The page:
If you’ve never head of position zero or you don’t understand how it works, you could be missing out on increasing your content’s reach in Google search.
What is Position Zero?
A position zero result refers to the first block of information that appears above or to the right of some of your search results on Google (see example to the right). These are organic results that Google’s algorithm has decided to display because of factors such as relevance and effective search engine optimization (SEO) rather than because of paid search engine marketing. They appear above the traditional #1 search rank position. Typically, position zero results contain a:
- Display title,
- Extracted answer, and
Position zero content may also have an image, bulleted lists, related questions and simple tables. It’s important to note that not all searches will yield a position zero result, and Google determines on which pages they appear and what content to include in position zero (it is not advertisement that can be purchased).
Why is it Important for HIV service organizations?
HIV service organizations, and especially those organizations that use the internet to communicate HIV information, often intend to communicate health information that is clear, concise and, above all, accurate. Ensuring target audiences can easily find this information can greatly increase its impact.
Because position zero results appear at the top of the page, viewers often read them first or read only that content. In addition, position zero results appear bigger, taking up 25-75% of a desktop screen and often 100% of a smartphone screenwhich greatly increases the prominence of the content. Further, because Google’s algorithm has selected these results, readers may assume that they are more credible. Lastly, readers are likely to click on position zero links 20.5% more than the results in position one.
Given the size of position zero results on smartphone screens, they are particularly important for HIV communications. We know that many of the populations more likely to be impacted by HIV are also more likely to be smart-phone dependent, meaning their only means of access the Internet is via a mobile device. Getting accurate information in position zero can help those we serve, especially, if they don’t click through or scroll down to read other search results listed on the page.
For your organization, having your content in position zero may lead to:
- More traffic
- Greater visibility
- A healthy boost to your credibility
How to get your content into position zero
When considering position zero, it’s important to consider that certain types of content score higher in Google’s algorithm.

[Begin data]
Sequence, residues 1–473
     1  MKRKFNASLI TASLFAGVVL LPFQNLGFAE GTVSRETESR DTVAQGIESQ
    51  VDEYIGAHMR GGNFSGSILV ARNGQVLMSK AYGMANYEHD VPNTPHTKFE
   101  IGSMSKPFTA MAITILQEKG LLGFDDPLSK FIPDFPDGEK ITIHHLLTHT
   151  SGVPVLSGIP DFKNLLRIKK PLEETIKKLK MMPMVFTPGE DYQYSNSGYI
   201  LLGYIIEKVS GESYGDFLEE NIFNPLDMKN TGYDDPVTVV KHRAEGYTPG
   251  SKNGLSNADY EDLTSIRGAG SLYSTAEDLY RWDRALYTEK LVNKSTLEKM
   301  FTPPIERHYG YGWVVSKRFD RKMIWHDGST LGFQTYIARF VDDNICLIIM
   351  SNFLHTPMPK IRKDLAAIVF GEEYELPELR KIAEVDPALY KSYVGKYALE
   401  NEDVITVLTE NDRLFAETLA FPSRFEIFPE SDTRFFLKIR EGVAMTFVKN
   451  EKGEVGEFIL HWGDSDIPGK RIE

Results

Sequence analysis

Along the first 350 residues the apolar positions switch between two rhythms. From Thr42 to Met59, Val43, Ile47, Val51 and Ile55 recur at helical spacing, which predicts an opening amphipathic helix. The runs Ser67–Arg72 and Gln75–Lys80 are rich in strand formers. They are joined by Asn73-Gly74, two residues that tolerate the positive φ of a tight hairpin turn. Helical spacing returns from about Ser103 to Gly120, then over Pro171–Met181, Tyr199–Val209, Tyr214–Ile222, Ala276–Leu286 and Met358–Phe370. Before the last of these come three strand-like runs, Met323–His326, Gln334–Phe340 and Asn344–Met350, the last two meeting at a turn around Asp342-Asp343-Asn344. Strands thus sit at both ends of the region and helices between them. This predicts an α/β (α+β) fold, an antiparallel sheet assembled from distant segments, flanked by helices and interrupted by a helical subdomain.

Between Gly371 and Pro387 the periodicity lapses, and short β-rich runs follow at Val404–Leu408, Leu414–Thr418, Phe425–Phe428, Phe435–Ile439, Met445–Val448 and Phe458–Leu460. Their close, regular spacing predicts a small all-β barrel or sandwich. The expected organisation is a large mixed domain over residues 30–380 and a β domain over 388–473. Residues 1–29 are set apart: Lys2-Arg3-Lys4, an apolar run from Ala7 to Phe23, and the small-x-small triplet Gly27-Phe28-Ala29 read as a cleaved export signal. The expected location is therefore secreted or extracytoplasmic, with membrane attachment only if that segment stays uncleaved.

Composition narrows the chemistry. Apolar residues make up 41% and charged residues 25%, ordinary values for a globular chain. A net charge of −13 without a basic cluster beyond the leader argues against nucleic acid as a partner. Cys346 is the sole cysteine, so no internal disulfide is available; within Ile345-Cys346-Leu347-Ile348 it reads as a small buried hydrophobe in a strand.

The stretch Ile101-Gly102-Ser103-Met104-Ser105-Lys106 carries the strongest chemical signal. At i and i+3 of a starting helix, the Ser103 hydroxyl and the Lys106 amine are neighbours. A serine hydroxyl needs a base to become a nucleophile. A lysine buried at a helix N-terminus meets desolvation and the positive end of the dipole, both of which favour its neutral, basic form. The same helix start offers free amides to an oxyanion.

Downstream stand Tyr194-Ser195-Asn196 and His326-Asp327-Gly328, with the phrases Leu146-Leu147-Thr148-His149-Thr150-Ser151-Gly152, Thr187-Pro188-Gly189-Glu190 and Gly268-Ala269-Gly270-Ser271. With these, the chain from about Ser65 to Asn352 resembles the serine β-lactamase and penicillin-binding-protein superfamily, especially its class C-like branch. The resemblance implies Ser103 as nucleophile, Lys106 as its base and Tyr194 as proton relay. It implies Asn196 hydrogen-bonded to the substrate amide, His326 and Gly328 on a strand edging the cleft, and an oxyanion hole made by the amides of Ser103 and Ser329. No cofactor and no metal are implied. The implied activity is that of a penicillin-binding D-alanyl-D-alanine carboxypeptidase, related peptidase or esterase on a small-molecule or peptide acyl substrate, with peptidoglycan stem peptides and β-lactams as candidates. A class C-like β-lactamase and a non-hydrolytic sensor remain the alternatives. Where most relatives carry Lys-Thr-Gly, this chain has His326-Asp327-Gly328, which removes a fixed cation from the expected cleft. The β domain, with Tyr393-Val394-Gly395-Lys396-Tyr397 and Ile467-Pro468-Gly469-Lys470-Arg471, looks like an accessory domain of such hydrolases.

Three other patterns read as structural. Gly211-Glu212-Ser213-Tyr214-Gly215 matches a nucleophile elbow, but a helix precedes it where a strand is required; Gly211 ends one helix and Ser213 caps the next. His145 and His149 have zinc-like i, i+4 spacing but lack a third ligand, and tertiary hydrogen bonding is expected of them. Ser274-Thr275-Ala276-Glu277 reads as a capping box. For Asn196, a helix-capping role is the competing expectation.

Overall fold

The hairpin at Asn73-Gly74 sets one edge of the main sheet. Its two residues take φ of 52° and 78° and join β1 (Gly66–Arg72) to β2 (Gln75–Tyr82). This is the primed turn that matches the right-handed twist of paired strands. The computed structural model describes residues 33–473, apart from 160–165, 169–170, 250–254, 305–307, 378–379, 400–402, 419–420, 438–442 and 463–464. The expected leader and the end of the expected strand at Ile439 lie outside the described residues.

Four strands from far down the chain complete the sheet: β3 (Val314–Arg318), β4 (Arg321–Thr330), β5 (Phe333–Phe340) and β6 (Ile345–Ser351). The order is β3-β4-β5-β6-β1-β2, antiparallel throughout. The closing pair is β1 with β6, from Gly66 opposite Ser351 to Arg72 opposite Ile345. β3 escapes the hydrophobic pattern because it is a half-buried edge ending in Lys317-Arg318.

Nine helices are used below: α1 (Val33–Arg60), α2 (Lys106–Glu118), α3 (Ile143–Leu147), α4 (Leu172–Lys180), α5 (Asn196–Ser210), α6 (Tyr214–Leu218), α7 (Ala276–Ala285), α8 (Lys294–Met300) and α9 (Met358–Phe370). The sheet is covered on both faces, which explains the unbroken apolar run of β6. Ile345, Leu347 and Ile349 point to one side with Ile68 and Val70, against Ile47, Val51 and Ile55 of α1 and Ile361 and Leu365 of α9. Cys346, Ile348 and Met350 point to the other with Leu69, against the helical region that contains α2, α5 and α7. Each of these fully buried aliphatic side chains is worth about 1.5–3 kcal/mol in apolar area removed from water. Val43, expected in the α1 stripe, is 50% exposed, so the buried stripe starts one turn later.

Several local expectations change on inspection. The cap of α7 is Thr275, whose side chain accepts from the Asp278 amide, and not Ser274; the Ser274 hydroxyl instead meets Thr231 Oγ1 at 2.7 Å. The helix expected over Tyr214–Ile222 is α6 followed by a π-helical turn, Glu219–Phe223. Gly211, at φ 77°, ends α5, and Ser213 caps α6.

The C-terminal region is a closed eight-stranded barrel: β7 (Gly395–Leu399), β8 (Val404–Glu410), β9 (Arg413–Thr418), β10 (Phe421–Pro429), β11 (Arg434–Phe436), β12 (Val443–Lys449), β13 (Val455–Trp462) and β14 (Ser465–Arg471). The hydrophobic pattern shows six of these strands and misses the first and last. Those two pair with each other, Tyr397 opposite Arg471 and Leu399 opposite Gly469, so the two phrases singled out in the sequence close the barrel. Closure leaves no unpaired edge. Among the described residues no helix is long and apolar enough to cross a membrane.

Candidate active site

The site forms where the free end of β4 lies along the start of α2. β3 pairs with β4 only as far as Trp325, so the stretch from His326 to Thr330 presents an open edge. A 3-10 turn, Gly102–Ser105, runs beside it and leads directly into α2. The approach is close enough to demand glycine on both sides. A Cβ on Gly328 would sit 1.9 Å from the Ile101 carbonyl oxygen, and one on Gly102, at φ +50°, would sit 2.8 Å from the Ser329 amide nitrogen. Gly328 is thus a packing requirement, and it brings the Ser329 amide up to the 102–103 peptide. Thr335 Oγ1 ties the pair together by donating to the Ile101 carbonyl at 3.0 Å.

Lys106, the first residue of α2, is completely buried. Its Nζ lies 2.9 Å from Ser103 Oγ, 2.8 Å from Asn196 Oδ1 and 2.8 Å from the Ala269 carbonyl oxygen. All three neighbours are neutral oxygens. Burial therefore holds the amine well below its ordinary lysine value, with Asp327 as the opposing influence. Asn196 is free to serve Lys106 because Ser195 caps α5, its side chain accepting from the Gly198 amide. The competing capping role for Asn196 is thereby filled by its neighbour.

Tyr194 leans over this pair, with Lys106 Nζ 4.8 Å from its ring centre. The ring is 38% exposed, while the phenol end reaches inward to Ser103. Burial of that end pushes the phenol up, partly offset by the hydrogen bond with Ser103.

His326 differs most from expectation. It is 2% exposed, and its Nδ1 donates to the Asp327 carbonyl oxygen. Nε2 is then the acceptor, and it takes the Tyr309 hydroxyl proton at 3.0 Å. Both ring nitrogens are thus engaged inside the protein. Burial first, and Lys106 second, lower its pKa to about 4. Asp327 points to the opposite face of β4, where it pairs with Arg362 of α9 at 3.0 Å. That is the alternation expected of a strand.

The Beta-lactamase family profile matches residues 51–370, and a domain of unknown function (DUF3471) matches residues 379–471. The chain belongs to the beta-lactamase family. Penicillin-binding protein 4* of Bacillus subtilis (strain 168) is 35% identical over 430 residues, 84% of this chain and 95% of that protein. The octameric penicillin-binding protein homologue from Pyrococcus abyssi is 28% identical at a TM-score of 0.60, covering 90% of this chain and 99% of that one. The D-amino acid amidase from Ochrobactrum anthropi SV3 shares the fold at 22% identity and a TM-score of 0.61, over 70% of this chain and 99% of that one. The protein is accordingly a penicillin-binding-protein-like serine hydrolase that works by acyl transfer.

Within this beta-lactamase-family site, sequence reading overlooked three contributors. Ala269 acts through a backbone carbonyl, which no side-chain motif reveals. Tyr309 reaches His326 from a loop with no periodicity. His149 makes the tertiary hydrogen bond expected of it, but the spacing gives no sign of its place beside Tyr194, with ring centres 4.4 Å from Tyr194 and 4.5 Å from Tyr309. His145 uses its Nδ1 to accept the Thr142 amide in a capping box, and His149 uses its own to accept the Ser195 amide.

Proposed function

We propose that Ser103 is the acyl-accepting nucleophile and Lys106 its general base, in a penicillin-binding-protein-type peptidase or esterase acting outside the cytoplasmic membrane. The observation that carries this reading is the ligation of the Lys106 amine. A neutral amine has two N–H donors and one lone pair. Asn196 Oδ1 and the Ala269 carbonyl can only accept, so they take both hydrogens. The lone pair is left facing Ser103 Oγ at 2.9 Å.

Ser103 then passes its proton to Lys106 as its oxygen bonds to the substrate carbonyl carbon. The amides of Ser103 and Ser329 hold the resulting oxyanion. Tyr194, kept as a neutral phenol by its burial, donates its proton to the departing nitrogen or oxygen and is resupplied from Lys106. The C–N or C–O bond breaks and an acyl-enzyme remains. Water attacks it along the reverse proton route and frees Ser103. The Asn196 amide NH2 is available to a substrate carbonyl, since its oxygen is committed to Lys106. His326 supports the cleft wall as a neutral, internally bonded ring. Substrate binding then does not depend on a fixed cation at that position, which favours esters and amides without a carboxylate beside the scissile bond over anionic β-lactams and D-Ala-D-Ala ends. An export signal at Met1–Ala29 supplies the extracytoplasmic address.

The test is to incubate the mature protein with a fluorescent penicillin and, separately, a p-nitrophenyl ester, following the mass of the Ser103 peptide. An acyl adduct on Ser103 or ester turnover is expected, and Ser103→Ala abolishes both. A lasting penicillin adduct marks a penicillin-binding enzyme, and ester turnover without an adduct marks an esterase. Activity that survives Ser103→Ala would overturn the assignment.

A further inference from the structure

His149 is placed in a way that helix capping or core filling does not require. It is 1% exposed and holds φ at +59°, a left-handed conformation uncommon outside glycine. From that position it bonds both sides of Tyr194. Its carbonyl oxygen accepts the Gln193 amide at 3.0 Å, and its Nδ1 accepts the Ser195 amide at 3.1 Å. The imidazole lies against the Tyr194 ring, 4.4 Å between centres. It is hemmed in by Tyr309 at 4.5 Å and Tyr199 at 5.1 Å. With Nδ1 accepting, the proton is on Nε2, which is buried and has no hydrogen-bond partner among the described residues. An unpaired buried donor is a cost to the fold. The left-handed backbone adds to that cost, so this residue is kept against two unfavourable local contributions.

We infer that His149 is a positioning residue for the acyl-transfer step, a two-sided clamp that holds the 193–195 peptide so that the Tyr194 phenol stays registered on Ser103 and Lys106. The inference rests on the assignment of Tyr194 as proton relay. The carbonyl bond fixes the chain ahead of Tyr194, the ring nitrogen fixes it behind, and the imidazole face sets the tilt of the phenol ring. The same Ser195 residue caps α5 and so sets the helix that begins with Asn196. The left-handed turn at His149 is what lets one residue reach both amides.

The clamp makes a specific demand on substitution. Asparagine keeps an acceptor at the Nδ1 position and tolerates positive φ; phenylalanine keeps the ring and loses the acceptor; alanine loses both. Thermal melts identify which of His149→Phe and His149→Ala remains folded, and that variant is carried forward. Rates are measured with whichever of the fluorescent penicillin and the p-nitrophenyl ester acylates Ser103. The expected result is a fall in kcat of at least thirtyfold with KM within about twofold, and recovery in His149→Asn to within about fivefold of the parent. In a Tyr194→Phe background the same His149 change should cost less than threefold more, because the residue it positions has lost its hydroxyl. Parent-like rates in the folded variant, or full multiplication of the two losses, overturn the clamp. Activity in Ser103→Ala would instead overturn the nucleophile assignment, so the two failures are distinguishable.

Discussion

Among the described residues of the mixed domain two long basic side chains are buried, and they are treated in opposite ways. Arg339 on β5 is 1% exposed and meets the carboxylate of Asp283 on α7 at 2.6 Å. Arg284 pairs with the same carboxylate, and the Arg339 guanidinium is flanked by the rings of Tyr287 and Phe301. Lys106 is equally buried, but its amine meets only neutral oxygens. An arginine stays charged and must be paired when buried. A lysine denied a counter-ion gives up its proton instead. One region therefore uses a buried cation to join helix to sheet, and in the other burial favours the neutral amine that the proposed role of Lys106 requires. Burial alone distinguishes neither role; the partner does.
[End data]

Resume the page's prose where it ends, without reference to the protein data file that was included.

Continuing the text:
- Definitions should include the necessary complexity to provide a complete answer. If the content is too simple, Google will find a dictionary entry to promote as the position zero result.
- It’s important to note that voice search users will often ask full sentences, but mobile and desktop users are more likely to search for single words and stilted phrases.
- Answers to questions
- Answer one or more of the Five Ws (who, what, when, where, or why). However the content shouldn’t be too simple, otherwise, Google will supply a richer answer from their database.
- Write your content in short paragraphs but complex enough to warrant an entire page on your site. Paragraphs should be approximately 40-50 words in length.
- Consider using the specific questions users type into search as header in your content. Keep in mind that the average length of a question that appears in searches and in position zero is about six words.
- How to or instructions
- Provide easy-to-understand instructions that can be broken-down into steps.
- Tables and lists
- Use bulleted or numbered lists, tables and comparisons, where possible, especially those that contrast two or more items.
- Consider creating lists using terms like:
- Top 5, 10,…
We recognize that revising existing content on your website could require a lot of work. Before you begin, consider if someone else is providing good, clear information on a specific topic. Not all of your content may be well-suited for position zero, so consider which of your high-priority pages match the content list above and start there.
As HIV.gov’s David Vaughan puts it “refining your content for position zero will mean that your content is written well and incorporates search engine optimization (SEO) best practices. You may not reach position zero, but your website should improve its search engine rankings.”